Currently almost half the U.S. states have run down their unemployment insurance reserves and are borrowing from the federal govt. These debts must be paid back one year after it is borrowed, and most states are close to bankruptcy. At the same time these debts become due most UI benefits will be running out which will only compound the situation.

    Not mentioned is, federal debt payments, possible loss of reserve currency status, ongoing costs of war, unfunded social security liability, inflation and higher interest rates, higher energy costs, higher taxes to pay for all of this etc.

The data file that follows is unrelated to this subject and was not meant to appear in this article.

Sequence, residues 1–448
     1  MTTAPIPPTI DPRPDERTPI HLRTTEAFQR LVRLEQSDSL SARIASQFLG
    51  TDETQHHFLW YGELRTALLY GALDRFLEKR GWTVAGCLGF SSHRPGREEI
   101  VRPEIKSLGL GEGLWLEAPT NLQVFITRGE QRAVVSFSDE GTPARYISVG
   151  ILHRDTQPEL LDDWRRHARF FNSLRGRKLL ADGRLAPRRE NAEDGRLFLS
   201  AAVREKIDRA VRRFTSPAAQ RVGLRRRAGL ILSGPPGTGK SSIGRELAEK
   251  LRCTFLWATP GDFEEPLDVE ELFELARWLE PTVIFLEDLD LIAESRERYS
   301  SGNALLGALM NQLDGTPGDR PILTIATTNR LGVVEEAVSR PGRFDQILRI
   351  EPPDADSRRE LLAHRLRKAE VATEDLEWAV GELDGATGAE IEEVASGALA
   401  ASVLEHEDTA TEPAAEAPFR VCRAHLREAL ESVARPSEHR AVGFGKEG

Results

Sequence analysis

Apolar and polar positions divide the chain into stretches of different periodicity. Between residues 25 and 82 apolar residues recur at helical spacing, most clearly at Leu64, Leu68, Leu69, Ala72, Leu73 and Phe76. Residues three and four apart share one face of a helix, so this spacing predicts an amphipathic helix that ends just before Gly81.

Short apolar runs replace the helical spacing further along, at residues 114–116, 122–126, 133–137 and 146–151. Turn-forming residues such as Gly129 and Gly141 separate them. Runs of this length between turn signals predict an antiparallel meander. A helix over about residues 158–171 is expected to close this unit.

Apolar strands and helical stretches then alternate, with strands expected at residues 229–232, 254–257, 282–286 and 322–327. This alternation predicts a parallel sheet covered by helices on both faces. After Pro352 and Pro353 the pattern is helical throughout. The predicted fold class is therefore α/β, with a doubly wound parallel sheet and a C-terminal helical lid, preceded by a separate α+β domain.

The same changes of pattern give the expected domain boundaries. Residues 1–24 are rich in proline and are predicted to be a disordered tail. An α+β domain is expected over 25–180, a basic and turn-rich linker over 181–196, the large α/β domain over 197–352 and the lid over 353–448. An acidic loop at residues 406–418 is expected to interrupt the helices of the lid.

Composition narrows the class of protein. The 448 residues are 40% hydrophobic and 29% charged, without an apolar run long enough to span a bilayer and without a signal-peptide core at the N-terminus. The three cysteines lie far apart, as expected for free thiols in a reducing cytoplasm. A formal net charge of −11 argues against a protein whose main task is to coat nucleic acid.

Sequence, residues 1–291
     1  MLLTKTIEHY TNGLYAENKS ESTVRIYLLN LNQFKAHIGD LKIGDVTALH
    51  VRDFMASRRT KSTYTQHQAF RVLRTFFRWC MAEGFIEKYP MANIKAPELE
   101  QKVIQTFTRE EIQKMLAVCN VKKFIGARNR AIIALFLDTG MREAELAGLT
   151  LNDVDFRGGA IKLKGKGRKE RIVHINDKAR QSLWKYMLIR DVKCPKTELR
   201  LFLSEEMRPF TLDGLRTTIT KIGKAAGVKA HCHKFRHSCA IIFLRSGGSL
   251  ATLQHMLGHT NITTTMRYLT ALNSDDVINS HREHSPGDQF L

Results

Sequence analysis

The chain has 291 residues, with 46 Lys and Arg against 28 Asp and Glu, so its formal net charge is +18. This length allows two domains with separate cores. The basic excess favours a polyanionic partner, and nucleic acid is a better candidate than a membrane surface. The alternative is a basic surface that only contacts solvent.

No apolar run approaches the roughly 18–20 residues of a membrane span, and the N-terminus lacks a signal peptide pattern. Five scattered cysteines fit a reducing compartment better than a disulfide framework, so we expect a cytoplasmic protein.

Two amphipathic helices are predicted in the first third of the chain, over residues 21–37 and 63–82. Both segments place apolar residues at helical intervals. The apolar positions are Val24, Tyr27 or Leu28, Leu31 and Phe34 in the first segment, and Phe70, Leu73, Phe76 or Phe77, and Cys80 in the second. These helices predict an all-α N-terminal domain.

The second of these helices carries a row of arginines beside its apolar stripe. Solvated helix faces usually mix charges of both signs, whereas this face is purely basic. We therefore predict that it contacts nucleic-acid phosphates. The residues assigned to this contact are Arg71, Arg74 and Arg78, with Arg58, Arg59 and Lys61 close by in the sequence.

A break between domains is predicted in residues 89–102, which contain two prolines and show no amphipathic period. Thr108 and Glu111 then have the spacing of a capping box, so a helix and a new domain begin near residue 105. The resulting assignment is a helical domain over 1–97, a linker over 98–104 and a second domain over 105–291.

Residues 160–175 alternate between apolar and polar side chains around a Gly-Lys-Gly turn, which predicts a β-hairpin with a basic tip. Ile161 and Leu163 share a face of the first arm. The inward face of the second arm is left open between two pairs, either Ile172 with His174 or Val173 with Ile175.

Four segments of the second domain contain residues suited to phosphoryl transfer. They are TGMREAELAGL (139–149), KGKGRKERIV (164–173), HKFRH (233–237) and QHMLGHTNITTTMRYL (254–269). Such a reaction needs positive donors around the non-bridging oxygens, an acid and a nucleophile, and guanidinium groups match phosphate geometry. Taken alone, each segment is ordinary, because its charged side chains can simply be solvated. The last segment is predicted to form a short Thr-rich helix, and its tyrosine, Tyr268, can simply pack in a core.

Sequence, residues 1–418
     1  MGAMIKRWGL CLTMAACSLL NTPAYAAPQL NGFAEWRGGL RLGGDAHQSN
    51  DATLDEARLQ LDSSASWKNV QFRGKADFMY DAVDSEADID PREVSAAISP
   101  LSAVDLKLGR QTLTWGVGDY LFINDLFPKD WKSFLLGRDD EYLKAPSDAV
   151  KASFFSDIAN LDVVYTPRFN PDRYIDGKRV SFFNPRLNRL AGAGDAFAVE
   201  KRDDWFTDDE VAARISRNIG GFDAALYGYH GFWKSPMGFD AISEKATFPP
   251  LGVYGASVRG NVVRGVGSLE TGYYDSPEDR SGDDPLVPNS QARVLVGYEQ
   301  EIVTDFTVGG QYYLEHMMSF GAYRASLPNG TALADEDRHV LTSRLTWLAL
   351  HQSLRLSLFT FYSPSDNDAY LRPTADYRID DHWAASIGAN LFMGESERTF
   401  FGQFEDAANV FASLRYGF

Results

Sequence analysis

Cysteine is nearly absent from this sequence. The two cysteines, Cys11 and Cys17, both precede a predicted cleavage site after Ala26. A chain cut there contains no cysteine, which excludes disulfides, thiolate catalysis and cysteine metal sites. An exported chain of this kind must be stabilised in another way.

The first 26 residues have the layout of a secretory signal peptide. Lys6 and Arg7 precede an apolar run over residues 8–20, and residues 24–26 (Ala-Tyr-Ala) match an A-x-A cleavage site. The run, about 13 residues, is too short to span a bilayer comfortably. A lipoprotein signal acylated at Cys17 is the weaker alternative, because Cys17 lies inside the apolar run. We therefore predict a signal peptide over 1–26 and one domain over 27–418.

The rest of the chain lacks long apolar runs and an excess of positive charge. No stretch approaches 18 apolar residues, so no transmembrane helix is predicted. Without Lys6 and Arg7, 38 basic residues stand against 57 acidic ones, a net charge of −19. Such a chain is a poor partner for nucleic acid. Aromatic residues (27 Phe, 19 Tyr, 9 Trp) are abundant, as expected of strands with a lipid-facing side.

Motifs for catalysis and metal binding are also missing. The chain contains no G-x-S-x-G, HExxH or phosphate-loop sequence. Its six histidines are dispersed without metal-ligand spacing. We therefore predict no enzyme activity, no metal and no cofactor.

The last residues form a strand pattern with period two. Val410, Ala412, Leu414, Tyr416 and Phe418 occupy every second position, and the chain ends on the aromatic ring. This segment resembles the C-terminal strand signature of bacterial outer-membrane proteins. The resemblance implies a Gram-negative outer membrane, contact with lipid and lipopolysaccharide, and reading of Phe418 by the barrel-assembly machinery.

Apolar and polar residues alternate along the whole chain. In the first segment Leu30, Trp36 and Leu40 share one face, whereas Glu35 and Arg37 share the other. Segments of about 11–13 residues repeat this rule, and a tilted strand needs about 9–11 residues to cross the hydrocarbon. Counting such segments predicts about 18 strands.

I think we may be witnessing the beginings of a perfect economic storm.
    There are real limits to growth and the U.S. is testing them, and we are blindly following in their footsteps.

  25. Anything like ten percent growth of investments from here seems very unlikely. The risk of loss is real. Talk to people and you will find alot of investors are just hoping to make up what they lost with a "few good years." Alot of them are in their 50s and 60s and seem willing to gamble rather than accept the long slow road to recovery. I believe these are alot of the people jumping in now. If you have a mortgage pay it down more aggressively rather than invest in the markets. If interest rates double which is quite possible you will be very glad you did.

  26. Yay, though I walk through the valley of the shadow of death.